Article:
Such addling language is just one example of the bloated verbosity that this writer can fall into in the quest for his better moments.

Then there is the mannered style in which Gauger writes, which gives his work both some of its greatest charms and its biggest failures. Using highbrow words like masticate instead of chew, a sometimes ostentatious vocabulary, and a feeling of stuffiness in the characters are stylistic consistencies here. This works for the most part, giving his characters a kind of straight-man-amidst-insanity feel, and where it does not become too prominent it feels comfortable and hits the ear with a certain grace. But in several places it degenerates into bombast and melodrama, an example being the following from the title story, “A Hymn to Millionaires”:

“Enough!” I eventually cried, tears dribbling down my cheeks and pooling on my outcropping chin, all my wagers lost, reduced to a meager shambles, “I will bet the deed to my properties!” Clayridge raised an inquisitive eyebrow. He stood up from the table and stared down at me, a fallen nobleman. “Perhaps I had better wend my way home,” he said flatly. I shook with fury, my eyes flaming like coals, “Leave!” I cried, “May I never again see your cadaverous frame in my home!"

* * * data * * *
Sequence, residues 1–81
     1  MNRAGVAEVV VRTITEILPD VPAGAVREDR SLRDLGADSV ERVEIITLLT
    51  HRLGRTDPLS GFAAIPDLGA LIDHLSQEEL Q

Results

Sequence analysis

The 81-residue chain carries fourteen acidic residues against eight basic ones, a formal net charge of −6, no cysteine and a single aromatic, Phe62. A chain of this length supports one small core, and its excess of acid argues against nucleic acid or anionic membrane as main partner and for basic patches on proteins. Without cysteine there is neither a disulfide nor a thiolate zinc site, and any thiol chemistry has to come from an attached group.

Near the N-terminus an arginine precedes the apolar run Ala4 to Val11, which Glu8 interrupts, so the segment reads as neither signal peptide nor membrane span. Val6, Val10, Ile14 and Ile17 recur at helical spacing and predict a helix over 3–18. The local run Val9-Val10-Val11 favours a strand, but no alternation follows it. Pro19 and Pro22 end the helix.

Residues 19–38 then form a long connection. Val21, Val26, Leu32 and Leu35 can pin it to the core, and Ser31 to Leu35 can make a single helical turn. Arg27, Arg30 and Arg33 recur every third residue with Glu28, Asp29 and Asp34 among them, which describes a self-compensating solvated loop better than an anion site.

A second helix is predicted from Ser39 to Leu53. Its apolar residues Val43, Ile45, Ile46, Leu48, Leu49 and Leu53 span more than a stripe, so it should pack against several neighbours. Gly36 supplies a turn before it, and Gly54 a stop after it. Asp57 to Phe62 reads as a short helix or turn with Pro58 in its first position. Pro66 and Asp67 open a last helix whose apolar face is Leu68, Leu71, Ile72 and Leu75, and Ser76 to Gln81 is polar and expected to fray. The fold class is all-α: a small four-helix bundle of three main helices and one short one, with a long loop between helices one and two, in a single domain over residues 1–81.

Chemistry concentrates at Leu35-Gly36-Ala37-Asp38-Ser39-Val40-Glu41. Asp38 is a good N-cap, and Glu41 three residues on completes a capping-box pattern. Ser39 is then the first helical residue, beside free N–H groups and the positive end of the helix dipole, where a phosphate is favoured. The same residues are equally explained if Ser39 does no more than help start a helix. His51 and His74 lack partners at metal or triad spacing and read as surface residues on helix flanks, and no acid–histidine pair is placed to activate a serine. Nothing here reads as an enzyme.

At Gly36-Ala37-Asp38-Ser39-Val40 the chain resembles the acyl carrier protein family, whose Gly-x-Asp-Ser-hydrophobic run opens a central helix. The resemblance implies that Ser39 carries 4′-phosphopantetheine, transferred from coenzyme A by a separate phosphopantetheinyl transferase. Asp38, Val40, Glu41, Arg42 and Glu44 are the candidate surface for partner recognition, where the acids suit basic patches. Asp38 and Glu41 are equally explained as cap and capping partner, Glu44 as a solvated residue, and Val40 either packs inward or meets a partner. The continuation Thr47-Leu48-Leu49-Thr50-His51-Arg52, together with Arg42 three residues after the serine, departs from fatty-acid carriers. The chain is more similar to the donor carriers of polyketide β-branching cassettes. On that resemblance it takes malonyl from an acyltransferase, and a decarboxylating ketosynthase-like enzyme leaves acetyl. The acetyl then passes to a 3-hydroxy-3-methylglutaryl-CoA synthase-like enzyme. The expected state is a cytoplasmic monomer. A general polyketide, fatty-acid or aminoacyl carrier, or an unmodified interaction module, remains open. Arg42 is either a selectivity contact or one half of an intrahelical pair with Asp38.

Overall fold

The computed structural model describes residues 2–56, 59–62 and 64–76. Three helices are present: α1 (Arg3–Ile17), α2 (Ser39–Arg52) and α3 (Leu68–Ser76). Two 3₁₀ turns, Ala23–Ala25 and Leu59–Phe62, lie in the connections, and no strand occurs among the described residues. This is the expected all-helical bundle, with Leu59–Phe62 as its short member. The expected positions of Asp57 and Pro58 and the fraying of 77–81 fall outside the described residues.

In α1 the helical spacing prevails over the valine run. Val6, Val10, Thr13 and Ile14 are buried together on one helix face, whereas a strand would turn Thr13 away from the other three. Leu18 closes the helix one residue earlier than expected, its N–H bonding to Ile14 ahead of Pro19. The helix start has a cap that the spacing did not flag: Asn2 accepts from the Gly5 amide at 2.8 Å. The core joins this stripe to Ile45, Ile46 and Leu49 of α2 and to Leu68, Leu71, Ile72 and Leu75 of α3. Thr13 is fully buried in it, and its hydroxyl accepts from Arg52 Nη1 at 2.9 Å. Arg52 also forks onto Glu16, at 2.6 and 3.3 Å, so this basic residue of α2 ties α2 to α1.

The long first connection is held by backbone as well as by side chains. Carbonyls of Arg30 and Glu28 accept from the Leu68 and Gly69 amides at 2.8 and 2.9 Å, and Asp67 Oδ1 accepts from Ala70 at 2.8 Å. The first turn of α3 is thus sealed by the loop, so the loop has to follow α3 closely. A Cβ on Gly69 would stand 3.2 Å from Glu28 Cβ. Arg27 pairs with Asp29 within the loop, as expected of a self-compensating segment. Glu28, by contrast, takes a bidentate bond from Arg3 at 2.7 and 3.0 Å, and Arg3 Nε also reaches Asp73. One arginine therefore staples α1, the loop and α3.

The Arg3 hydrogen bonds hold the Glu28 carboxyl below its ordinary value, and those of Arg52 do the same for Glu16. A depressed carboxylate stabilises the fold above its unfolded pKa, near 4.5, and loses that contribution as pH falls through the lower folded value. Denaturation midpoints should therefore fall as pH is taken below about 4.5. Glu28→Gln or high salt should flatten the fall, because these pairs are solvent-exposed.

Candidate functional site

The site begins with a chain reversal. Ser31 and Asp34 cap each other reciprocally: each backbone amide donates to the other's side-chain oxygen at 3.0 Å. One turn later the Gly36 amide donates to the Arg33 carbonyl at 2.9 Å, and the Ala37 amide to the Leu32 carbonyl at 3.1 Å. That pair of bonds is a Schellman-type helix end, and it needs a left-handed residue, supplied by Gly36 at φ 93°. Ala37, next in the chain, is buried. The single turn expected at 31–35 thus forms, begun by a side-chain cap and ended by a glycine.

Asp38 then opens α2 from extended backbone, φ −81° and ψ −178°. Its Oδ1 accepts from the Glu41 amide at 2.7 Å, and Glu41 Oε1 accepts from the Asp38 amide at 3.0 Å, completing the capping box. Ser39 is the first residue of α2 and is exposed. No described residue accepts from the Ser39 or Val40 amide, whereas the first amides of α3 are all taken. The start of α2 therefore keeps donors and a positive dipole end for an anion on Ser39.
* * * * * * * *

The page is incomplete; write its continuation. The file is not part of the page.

If this is some subtle parody against the narrator himself (perhaps an intended “bad writer narrator”?) there is not much to make us aware of that fact. It seems strange that passages this bad would end up in a published work unintentionally, but all indications are that this simply slipped under the editor’s nose. As I said above, Gauger’s mannerisms are consistent and usually give one a feeling of sympathy with his characters, lending them a sane aspect in the extremely odd worlds in which they wind up. Abandoning the mannered style altogether would not be wise of Gauger in my opinion, but he needs to be merciless when it comes to editing out the over-the-top paragraphs that creep in during composition.